Volaris spurs leisure rebound to lead airline recovery

The August 2016 U.S.-Mexico air accord, which modified a 1960 agreement, removed the numerical limitations on the number of airlines that may provide passenger service between all U.S.-Mexico cities. (Photo: Volaris.com)

After the pandemic hit, Volaris lowered fares 30% to coax people back onto routes that primarily serve the friends-and-family market, said Chief Executive Officer Enrique Beltranena. While a drag on revenue, the move helped the company boost passenger totals to more than 70% of last year’s levels, outpacing domestic rivals and counterparts in the U.S.

The carrier is currently reviewing options to raise as much as 3.5 billion pesos ($170 million) after getting a green light from investors last month. Volaris is exploring alternatives such as offering shares, debt or convertible bonds, and hasn’t set a deadline for a decision. Unlike U.S. carriers, Mexican airlines haven’t received government aid.

“We need to find the correct timing,” Beltranena said in an interview Oct. 23. “But there’s no rush. We’re going to take our time to do the right thing for our investors.

Volaris dropped 4.4% to 17.95 pesos at 11:59 a.m. in Mexico City amid broad declines in travel stocks. The shares fell 5.1% this year through Oct. 23. That was the shallowest decline in the Americas for a carrier with a market value of at least $500 million, according to data compiled by Bloomberg.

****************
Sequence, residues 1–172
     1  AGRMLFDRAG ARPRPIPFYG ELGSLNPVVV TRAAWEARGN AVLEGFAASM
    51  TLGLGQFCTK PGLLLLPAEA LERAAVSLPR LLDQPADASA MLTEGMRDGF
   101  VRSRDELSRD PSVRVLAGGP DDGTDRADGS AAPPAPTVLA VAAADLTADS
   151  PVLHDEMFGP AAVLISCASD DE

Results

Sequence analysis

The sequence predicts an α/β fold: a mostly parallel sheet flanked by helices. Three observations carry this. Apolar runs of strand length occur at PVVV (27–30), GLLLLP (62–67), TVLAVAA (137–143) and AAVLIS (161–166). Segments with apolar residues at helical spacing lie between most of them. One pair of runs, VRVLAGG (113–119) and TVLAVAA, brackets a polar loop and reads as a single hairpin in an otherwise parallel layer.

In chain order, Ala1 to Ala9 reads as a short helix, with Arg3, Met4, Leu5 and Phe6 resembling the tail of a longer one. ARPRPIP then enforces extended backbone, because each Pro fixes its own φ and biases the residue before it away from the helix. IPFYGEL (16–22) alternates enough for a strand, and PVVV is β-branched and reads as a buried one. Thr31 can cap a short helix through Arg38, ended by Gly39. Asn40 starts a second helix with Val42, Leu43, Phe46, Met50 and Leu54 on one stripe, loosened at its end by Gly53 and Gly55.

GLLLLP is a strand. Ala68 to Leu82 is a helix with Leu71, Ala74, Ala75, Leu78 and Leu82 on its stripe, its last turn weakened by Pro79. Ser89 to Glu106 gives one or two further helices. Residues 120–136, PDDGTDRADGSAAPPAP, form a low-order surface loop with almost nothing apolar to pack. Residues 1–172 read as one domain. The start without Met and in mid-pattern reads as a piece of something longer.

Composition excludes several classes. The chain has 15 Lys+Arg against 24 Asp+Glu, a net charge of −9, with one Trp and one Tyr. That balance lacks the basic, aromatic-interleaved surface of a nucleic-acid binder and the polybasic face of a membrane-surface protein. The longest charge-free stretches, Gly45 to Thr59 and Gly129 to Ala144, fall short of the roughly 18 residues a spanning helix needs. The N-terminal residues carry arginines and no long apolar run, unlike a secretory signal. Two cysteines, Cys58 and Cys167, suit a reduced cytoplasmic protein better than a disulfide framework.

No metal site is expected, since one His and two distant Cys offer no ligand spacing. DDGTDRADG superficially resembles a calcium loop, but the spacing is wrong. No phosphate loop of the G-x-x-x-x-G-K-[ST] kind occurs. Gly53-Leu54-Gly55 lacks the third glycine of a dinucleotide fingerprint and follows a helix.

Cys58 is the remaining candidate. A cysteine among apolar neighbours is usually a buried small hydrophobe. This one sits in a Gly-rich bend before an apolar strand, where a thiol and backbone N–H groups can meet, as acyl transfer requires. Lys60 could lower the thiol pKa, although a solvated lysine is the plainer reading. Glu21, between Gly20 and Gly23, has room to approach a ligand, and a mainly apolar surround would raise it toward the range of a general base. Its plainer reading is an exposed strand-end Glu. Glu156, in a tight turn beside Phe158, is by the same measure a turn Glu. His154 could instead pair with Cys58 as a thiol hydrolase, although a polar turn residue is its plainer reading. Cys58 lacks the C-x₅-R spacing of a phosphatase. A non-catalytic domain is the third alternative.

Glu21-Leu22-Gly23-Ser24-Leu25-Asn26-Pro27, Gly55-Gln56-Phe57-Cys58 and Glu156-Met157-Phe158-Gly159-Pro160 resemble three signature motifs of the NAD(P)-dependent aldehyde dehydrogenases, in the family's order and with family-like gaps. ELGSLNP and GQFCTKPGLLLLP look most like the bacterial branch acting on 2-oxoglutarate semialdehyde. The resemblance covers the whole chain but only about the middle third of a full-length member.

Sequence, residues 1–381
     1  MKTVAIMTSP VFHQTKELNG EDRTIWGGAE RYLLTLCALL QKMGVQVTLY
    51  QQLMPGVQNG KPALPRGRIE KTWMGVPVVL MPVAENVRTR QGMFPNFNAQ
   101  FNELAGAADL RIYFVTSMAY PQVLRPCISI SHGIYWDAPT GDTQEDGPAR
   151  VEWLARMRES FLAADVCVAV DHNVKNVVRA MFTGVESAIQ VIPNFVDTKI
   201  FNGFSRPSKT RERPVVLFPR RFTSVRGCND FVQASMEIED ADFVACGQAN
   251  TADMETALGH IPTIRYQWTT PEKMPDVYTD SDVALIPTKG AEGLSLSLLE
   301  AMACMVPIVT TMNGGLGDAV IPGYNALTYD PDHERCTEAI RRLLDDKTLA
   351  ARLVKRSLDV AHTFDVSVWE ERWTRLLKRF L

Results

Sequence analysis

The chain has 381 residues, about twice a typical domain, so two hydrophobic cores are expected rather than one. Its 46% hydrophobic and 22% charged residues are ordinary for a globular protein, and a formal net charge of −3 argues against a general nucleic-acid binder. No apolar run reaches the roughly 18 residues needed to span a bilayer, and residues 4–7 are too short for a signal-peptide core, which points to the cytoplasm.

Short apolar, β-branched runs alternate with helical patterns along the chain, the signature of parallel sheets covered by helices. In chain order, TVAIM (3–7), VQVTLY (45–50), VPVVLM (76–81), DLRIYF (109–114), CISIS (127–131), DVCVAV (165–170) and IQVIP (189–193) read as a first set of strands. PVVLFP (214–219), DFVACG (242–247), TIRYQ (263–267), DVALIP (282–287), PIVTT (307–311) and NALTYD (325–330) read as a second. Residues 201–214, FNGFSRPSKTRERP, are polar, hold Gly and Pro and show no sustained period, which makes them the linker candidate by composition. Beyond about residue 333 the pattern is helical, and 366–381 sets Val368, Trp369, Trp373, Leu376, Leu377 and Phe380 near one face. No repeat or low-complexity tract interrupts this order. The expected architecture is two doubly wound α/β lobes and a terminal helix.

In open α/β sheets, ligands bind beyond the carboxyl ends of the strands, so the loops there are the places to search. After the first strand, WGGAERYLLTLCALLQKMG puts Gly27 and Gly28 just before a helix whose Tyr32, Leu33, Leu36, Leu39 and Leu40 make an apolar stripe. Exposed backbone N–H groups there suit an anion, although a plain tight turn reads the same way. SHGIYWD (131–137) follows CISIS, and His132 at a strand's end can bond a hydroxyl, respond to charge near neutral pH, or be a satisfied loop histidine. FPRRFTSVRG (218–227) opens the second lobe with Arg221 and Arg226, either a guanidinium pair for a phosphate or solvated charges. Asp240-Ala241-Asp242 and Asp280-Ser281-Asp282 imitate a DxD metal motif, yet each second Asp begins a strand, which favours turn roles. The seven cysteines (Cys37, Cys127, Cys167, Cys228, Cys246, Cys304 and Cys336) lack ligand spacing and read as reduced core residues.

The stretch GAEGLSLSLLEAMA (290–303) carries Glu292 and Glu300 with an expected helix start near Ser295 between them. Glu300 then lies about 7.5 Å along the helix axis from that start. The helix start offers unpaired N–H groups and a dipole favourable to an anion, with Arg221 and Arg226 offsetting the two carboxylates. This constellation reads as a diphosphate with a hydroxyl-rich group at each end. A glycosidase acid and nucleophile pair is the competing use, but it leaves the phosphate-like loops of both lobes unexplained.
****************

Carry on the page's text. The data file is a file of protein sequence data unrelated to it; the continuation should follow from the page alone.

Deferring Payments

“Few airlines in the world are reporting this level of recovery,” Helane Becker, an analyst at Cowen & Co., said in a note to clients last week.

In the U.S., domestic passengers are at less than 40% of 2019 levels. In Mexico last month, Volaris carried 71% of last year’s passengers, compared with 44% for Grupo Aeromexico SAB and just 5.5% for Interjet, according to data compiled by the Mexican government.

Controladora Vuela Cia. de Aviacion SAB, Volaris’s full name, has negotiated to push back payments for almost $400 million by rescheduling jet deliveries from Airbus SE, Beltranena said. In addition, the airline negotiated delays in more than $100 million in aircraft lease payments.

Volaris plans to end the year with 86 Airbus planes. The fleet will only expand by one jetliner by the end of 2021, although the company is looking to replace some of its A320 aircraft with the more fuel-efficient A320neo.

Third-quarter sales fell 50% in the third quarter, Volaris said last week in an earnings report. Ancillary revenue such as bag-check fees and seat upgrades rose 13%.

Volaris has also announced deals with airport operator Grupo Aeroportuario del Sureste SAB to offer discounts on flights connecting Mexico City with destinations such as Cancun, Cozumel and Huatulco, as it looks to entice more customers.

“Those seats will, in the end, reactivate the market,” he said. “It’s a normal process and we need to invest in it.”

Source: Air Cargo News  



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